Frankl shared:

“While these ordinary prisoners had little or nothing to eat, the Capos were never hungry; in fact many of the Capos fared better in the camp than they had in their entire lives. Often they were harder on the prisoners than were the guards, and beat them more cruelly than the SS men did. These Capos, of course, were chosen only from those prisoners whose characters promised to make them suitable for such procedures, and if they did not comply with what was expected of them, they were immediately demoted.

“The process of selecting Capos was a negative one; only the most brutal of the prisoners were chosen for this job (although there were some happy exceptions). But apart from the selection of Capos which was undertaken by the SS, there was a sort of self-selecting process going on the whole time among all the prisoners. On the average, only those prisoners could keep alive who, after years of trekking from camp to camp, had lost all scruples in their fight for existence; they were prepared to use every means, honest and otherwise, even brutal force, theft, and betrayal of their friends, in order to save themselves.”

Further on, he said: “If someone now asked of us the truth of Dostoevski’s statement that flatly defines man as a being who can get used to anything, we would reply, ‘Yes, a man can get used to anything, but do not ask us how.”

Instead of giving me a blow by blow account of the horror he and his inmates experienced during Adolf Hitler’s autocratic rule in Germany, Frankl wrote it in two perspectives: as a former prisoner and as a psychiatrist. So there were times that I would listen to his stories like an eager child wanting to learn from an old man who went through hell and back, who was now peacefully sharing his unforgettable experiences as a prisoner in the concentration camp because of the war…

“I shall never forget how I was roused one night by the groans of a fellow prisoner, who threw himself about in his sleep, obviously having a horrible nightmare. Since I had always been especially sorry for people who suffered from fearful dreams or deliria, I wanted to wake the poor man. Suddenly I drew back the hand which was ready to shake him, frightened at the thing I was about to do. At that moment I become intensely conscious of the fact that no dream, no matter how horrible, could be as bad as the reality of the camp which surrounded us, and to which I was about to recall him.”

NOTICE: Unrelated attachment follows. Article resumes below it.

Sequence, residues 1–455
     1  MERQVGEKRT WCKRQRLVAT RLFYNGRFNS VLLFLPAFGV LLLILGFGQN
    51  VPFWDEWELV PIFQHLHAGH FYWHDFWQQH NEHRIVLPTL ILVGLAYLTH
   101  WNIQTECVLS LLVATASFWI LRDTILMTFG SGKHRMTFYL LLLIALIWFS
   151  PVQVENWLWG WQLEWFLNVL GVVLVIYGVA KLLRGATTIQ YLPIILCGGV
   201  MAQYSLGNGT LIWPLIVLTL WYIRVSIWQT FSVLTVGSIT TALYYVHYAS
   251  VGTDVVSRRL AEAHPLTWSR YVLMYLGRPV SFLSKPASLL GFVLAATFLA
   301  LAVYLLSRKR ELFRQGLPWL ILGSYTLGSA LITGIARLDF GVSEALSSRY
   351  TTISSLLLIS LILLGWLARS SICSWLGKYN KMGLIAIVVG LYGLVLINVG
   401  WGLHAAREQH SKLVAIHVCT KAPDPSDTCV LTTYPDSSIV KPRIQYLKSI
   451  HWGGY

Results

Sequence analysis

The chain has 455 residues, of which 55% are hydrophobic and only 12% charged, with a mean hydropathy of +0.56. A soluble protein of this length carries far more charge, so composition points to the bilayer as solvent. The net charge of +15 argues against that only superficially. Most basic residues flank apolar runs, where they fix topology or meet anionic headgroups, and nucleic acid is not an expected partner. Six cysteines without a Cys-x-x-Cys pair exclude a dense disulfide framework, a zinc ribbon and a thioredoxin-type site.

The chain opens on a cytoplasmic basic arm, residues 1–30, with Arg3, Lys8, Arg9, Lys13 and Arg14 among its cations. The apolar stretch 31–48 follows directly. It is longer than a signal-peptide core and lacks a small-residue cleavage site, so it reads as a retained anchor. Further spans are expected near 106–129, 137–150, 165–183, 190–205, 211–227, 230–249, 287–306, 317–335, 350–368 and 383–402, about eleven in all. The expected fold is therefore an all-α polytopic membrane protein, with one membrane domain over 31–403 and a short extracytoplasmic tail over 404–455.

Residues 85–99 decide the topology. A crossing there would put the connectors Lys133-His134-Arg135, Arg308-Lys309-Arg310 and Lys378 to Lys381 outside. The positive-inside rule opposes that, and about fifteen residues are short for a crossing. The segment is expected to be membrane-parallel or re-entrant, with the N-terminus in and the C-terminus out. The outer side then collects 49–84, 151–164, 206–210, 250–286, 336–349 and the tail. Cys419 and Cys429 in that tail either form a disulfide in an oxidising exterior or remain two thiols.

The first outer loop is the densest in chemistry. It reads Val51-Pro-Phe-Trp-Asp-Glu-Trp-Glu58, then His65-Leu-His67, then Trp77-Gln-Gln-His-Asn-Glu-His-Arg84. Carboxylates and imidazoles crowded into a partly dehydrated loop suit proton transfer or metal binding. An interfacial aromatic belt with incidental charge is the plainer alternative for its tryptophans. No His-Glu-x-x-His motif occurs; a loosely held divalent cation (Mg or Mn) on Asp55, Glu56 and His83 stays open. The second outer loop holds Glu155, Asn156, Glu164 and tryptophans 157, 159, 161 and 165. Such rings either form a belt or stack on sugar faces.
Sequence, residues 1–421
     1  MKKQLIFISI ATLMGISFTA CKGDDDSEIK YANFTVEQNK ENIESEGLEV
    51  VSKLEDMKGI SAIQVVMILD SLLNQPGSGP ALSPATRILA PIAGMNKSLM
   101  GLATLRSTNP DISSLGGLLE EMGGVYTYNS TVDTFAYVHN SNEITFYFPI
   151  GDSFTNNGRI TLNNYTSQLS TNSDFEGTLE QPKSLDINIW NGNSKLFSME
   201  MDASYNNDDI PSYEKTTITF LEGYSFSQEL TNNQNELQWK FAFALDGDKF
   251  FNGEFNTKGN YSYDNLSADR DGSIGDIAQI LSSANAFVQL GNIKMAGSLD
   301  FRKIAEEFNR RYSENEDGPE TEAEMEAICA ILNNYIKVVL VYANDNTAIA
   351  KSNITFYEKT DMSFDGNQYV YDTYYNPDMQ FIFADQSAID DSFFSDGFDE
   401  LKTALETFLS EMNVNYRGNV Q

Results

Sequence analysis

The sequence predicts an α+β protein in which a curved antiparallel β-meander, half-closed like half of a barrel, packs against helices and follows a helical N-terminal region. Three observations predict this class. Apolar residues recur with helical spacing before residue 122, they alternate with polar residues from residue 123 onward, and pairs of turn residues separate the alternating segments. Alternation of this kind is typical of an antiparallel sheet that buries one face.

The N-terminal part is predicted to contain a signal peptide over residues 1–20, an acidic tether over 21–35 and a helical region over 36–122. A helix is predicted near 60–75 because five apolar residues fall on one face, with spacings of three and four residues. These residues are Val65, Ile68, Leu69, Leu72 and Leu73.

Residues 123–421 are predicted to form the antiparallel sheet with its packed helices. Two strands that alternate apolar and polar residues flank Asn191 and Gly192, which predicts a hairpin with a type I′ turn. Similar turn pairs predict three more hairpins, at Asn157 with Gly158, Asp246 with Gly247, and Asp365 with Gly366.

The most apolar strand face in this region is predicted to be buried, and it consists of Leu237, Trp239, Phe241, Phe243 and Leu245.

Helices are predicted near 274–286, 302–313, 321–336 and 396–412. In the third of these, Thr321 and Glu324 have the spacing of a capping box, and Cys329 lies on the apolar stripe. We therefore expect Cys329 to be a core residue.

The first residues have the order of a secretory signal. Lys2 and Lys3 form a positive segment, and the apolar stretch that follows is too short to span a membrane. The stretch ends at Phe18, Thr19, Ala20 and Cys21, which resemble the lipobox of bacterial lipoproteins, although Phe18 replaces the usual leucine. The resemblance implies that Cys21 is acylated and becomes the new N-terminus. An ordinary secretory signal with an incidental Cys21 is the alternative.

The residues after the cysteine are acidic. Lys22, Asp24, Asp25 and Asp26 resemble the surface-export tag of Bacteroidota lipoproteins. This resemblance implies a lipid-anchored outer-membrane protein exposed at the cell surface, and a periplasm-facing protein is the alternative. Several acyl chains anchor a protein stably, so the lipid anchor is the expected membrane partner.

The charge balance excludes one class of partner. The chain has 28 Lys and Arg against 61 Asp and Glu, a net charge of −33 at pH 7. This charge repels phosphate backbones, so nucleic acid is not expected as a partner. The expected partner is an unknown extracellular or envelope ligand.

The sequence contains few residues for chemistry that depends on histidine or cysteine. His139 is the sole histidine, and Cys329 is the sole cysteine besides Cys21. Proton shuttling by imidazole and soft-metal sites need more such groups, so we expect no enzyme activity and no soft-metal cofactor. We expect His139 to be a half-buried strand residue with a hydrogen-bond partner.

… and there were also times when I would find myself reading his “detached” observations as a psychiatrist, sharing to me the three stages of psychological reactions that he and his inmates went through from the time they were admitted to the camps until they were released…

“Apathy, the blunting of the emotions and the feeling that one could not care anymore, were the symptoms arising during the second stage of the prisoner’s psychological reactions, and which eventually made him insensitive to daily and hourly beatings. By means of this insensibility the prisoner soon surrounded himself with a very necessary protective shell.”

… and how the way of life of the prisoners revealed some frightening information about human nature, what man is capable of, that Sigmund Freud (1856-1939) would find hard to believe.

Frankl shared:

“Sigmund Freud once asserted, ‘Let one attempt to expose a number of the most diverse people uniformly to hunger. With the increase of the imperative urge of hunger all individual differences will blur, and in their stead will appear the uniform expression of the one unstilled urge.’ Thank heaven, Sigmund Freud was spared knowing the concentration camps from the inside. His subjects lay on a couch designed in the plush style of Victorian culture, not in the filth of Auschwitz. There, the ‘individual differences’ did not ‘blur’ but, on the contrary, people became more different; people unmasked themselves, both the swine and the saints. And today you need no longer hesitate to use the word ‘saints’: think of Father Maximilian Kolbe who was starved and finally murdered by an injection of carbolic acid at Auschwitz and who in 1983 was canonized.”